Tuesday, August 29, 2006
Don't know when I can take it back to work, but it definitely is helpful. I can go shopping for more than one hour!
Still don't though. I hate shopping.
Saturday, August 26, 2006
I don't know if this is a first, but it's the first blog that is almost exclusively podcast.
Thursday, August 24, 2006
Monday, August 21, 2006
Where does that leave me? "Relieved." It's wonderful to be able to empty my bladder. That simple action has been impossible for well over a decade, maybe longer. So in that sense, I'm "flushed" with victory.
But the process still leaves me fretful and reluctant to take it to work. I start work completely comfortable, but progress to worry as the night goes on. Drinking less water doesn't solve it: a completely private restroom would. There are none to be had at the paper; turns out the remotest ladies room is frequented by others who would have privacy! I wind up "evacuating" in a hurry, in both senses of the word.
In short, "when Nature calls" me, there is no easy answer.
It's my "number one" problem. I'll keep you posted.
Saturday, August 19, 2006
Simply put, the International Astronomers Union says a planet:
1--is round and
2--revolves around a star.
So old friends Ceres and Charon, and new friend "Xena," are all planets, according to the new rules. Ceres is in the asteroid belt, Charon is a twin to Pluto, and "Xena" is a nickname for 2003 UB313, larger than Pluto, but much farther away from the sun.
Many argue that the agreed upon definition will make for many more planets. I'm thrilled; we need a firm definition, even if it makes for new planets.
The IAU suggests that we separate the planets into our usual, classical planets and "plutons" will be the descriptor for the others. Beginning, of course, with Pluto, always a hotly-contested planet-contender, plutons are all quite tiny in comparison with the classical planets. As far as I'm concerned, that's that.
Don't you just love picking up on the new terminology?
Wednesday, August 16, 2006
The cell was out of service. Had been for two weeks. Out of service does not make it dead. It makes it a very expensive clock/calculator/phone book. By 7:00 I wondered about the car and called Goodyear. No answer. Didn't check my cell for messages because I never follow up. My OGM is to call my home number. So I walked the four blocks to Goodyear, where the Tracker was neatly locked away inside the building. When I tried to call Husband RJ, I learned the phone was useless. Returned on foot to the paper, where I called home and left a message for him that was never returned.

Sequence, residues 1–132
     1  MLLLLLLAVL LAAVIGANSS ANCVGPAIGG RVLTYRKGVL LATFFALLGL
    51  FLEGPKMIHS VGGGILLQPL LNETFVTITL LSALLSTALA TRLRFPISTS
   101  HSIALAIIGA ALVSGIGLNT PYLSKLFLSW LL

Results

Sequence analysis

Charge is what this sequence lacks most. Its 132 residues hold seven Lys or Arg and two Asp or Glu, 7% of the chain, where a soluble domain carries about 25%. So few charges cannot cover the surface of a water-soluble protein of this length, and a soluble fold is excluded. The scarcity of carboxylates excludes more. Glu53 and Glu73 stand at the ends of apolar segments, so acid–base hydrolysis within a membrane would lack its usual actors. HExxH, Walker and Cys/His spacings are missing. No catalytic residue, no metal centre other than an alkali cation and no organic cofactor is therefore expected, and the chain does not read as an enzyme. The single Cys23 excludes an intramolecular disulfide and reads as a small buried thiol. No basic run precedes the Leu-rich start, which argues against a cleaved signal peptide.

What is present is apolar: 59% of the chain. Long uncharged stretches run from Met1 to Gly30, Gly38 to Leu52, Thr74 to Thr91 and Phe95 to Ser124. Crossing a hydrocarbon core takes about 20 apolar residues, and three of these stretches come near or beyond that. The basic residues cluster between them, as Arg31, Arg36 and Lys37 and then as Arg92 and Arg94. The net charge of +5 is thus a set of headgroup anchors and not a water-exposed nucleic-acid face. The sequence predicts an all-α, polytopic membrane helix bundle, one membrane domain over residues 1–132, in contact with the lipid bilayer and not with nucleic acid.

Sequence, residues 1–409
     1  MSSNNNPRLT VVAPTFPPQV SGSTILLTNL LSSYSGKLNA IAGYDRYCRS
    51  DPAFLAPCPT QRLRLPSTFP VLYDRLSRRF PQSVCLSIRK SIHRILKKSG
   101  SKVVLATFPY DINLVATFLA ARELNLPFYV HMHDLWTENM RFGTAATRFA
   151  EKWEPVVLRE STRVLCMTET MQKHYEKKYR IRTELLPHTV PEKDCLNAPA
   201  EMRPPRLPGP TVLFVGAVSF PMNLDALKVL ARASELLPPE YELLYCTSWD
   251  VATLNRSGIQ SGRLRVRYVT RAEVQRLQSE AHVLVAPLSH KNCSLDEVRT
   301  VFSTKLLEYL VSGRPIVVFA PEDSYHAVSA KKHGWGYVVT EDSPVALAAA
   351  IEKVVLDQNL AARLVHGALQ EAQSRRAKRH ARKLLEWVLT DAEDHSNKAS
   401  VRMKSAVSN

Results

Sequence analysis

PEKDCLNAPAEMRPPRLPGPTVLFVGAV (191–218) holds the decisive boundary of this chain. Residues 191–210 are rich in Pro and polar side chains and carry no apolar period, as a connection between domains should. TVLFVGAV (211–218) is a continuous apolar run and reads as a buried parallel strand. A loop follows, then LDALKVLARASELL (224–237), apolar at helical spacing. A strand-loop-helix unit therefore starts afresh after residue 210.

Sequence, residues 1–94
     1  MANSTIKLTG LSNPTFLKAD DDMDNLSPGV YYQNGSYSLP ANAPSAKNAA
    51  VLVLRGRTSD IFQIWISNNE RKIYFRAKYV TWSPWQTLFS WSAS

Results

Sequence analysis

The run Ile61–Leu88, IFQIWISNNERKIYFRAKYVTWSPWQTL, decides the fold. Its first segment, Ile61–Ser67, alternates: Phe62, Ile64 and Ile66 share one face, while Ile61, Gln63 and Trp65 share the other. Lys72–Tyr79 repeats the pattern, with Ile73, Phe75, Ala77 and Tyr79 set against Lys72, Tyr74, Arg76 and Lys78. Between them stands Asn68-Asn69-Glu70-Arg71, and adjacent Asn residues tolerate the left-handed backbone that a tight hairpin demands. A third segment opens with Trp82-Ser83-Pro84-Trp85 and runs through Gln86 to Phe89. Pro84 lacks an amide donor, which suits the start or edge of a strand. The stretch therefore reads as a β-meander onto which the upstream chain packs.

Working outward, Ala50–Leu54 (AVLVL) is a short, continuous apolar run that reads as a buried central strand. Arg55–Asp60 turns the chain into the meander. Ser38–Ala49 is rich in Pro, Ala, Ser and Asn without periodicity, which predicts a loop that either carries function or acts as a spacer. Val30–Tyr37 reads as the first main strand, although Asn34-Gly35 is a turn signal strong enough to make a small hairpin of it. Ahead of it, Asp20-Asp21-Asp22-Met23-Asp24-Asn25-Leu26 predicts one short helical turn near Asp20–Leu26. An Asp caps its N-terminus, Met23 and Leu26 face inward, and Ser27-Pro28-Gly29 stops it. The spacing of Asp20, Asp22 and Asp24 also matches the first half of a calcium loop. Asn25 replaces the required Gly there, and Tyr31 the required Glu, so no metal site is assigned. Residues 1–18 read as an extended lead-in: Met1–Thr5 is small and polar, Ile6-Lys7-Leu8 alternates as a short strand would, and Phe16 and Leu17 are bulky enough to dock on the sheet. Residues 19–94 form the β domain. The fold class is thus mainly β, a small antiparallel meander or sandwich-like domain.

Last night was hellacious. Working alone with glitching software made for an busy, anxious night. So naturally I lost all sense of potty-training. No car--no quick exit. No RJ--no face-saving white knight. No cash (wedding planners are broke and debt-riddled)--no taxi (who wouldn't want me in his cab, anyway).
Just a bathroom stall and a packet of wipes. Took a half hour to make myself reasonably presentable, albeit faintly stinky. If the people sharing the floor, and those stopping by, noticed, they said nothing.
A coworker drove me home at midnight. I grumped at Husband RJ, who was blissfully asleep the entire four and a half hours, and went to bed.
Cripe. I can survive anything.
Wednesday, August 09, 2006
She fairly sputtered: they couldn't okay anything without tests. Later, she backpedaled a tad, saying that she may have been part of the Associates when we had those problems. Immaterial detail to me; every office has good cases and bad cases. MS almost always makes me a difficult patient.
She repeatedly insisted she wanted only to help. But further tests that would be scheduled way in the future would not help me now. I could find the equipment on my own, if necessary. The GPA gave me a long, patient explanation of the procedure. I told her I already knew; it had been recommended to me 10 years ago. She wanted to know by whom: after the Associates tested me, they told my neurologist that there was nothing to be done for me. Furious, he promised we would try various drugs until one worked. He also suggested a catheter. GPA left the room.
When she returned she gave me a prescription for antibiotics; I have a UTI. No surprise; I always do. The nurse and I made the lesson short and sweet and I returned home.
It's going to be a long haul on this one.
On the one hand, I already last a lot longer between toilet trips. On the other hand, that could simply be the antibiotics. OR the Oxytrol patch for incotinence.
One more log to keep on my condition; no wonder blogging it all comes naturally.
Saturday, August 05, 2006
Right now I am again dealing with an exacerbation and resultant depression. Not coincidentally, one of the worst recurring stresses of my life is again making an appearance. At present I am unable to detail the stress, which is not work related, but at least I have tools to help.
Blogging is one of those tools. Not just writing, but also reading blogs. This blog, in particular, is especially helpful. I read it daily, addictively. The writer is that good. Recently she opened a thread of commentary, usually verboten, and now closed.
Many people say they've thought of going into the psychological sciences, either as a practitioner or in research. Not me. The inner strength required for that work is not one of my gifts. What psychologists are especially good at is listening and relating. That is the sort of thing found at Intueri.
If you are dealing with mental illness, bookmark it. When you are strong enough, visit. Sometimes it's disturbing, other times it's inspiring, but it is always a bit of a surprise.